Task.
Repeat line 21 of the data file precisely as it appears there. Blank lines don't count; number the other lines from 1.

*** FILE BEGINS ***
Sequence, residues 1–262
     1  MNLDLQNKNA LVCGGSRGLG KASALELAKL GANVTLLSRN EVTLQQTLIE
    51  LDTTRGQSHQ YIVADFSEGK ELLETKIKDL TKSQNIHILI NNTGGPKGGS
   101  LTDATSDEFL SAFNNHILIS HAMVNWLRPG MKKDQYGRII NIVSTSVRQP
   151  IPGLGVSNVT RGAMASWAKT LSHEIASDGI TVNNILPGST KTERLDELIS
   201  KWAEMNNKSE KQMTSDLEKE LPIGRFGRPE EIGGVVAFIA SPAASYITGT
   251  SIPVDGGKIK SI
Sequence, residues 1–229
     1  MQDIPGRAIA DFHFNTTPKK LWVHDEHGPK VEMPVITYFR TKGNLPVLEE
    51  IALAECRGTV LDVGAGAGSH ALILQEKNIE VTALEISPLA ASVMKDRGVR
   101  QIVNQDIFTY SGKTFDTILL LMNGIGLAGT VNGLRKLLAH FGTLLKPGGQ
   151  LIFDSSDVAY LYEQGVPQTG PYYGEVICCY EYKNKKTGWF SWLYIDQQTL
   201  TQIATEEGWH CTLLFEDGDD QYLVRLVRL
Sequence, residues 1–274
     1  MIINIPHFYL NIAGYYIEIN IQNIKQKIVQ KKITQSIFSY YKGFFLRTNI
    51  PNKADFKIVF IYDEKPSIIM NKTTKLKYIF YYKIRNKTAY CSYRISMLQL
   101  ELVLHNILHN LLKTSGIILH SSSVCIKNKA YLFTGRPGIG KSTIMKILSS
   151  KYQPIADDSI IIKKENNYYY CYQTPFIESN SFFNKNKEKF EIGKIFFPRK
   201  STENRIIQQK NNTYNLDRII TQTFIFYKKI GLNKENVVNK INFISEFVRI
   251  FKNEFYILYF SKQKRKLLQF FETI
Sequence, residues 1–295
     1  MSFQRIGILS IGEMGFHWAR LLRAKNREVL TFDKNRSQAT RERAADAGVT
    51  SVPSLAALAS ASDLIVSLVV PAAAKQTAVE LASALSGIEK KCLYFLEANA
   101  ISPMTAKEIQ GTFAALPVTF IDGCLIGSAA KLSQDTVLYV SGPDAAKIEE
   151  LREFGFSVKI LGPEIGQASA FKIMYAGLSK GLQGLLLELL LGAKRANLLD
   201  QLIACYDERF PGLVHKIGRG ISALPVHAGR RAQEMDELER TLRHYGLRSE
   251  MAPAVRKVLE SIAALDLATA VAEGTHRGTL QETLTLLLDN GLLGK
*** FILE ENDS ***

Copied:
Sequence, residues 1–295